The Impact of COVID-19 on the Faces of Frontline Healthcare Workers

September 2020 | Volume 19 | Issue 9 | Original Article | 858 | Copyright © September 2020

Published online August 14, 2020

Shino Bay Aguilera DO FAADa, Irene De La Pena MDb,c, Martha Viera MD FAADc, Bertha Baum DO FAAD FAOCDd, Brian W. Morrison MD FAADe, Olivier Amar MD ASPS BAPRAD SOF CPREf, Matthieu Beustes-Stefanelli MD MBAg, Mehreen Hall DOh

aShino Bay Cosmetic Dermatology, Fort Lauderdale, FL bAesthetic Medicine and Laser Therapy, Department of Aesthetic Medicina Universidad del Rosario, Bogotá, Colombia cDoral Dermatology Group, Doral, FL dHollywood Dermatology, Hallandale, FL ePhillip Frost Department of Dermatology & Cutaneous Surgery, University of Miami Miller School of Medicine, Miami, FL fPlastic Reconstructive and Aesthetic Surgeon. London, United Kingdom gPlastic Surgery Unit, Maison Lutetia, Paris, France hLarkin Community Hospital Palm Springs Campus, Hialeah, FL

failure, acute respiratory distress syndrome (ARDS), multiple organ failure leading to death.4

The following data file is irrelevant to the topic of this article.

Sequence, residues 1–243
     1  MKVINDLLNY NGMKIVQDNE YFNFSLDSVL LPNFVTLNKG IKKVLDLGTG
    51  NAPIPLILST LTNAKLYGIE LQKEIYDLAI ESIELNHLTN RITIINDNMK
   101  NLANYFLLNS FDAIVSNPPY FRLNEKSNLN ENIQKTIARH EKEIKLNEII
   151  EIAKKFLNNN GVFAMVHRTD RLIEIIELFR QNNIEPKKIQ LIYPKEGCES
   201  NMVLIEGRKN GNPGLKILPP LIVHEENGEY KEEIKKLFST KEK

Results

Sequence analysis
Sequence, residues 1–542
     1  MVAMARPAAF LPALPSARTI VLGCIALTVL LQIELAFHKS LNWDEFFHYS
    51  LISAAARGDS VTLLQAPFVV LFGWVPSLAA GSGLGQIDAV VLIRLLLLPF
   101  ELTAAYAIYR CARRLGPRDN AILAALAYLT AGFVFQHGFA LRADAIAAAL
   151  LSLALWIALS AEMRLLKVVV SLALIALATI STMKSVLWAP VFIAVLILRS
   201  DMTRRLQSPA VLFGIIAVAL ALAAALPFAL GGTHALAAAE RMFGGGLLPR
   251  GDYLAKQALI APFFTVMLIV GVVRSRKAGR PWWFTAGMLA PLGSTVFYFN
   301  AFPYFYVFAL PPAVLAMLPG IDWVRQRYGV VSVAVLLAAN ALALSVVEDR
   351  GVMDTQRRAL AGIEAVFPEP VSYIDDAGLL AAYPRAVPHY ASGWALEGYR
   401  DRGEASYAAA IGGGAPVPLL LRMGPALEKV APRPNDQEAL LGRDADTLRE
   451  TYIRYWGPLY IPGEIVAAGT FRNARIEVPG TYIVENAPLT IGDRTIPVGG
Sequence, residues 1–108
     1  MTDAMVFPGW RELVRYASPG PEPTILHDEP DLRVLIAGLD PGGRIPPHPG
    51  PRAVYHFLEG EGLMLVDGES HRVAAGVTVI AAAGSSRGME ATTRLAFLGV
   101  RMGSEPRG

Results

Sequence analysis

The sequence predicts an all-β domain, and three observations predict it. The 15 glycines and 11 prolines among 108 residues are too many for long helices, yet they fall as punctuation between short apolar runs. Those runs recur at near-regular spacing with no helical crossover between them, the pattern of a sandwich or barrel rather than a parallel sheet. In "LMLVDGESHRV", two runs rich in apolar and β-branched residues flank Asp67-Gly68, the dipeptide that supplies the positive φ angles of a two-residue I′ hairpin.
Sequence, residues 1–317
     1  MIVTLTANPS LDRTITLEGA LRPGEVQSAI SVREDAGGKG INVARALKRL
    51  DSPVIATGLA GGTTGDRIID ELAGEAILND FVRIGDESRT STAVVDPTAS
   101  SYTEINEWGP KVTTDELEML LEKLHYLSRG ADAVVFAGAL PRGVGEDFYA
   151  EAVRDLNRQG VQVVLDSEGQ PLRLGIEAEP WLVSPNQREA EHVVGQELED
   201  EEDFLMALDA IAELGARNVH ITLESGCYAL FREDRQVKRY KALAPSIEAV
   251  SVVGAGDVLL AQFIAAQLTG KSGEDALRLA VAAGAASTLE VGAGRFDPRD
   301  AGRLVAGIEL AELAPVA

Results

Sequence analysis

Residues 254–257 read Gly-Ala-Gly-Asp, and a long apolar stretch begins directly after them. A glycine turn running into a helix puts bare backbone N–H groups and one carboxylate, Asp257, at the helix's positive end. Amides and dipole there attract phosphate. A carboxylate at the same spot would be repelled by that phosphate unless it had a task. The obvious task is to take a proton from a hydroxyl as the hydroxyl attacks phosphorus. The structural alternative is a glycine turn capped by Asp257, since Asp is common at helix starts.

The current Center for Disease Control and Prevention and the World Health Organization guidance states that in order to decrease the rate of transmission of the virus, it is imperative to social distance, practice self-imposed isolation, protect mucous membranes with masks and glasses, and to wash hands properly before touching the face. Worldwide, millions of people are adhering to these recommendations to prevent exposure and infection by voluntary self isolation, a prerogative that frontline health care providers cannot have. As the pandemic accelerates, there is an increasing concern for health care providers who take care of infected individuals in hospitals to contract the infection themselves or infect family members at home. In order to protect themselves and their loved ones, health care providers must use protective devices such as eye protection goggles, full face visors, and fluid repellent surgical masks.5 A tight seal must be created between the mask in use and the skin in order for it to be effective. However, the prolonged use of these masks, the material of the masks, facial perspiration, and the pressure utilized to achieve the seal is causing moderate to severe skin damage in health care providers on the frontlines.5 In this document, some simple and easy-to-follow guidelines are discussed and recommended to help prevent or treat personal protective equipment (PPE) induced skin damage and lesions.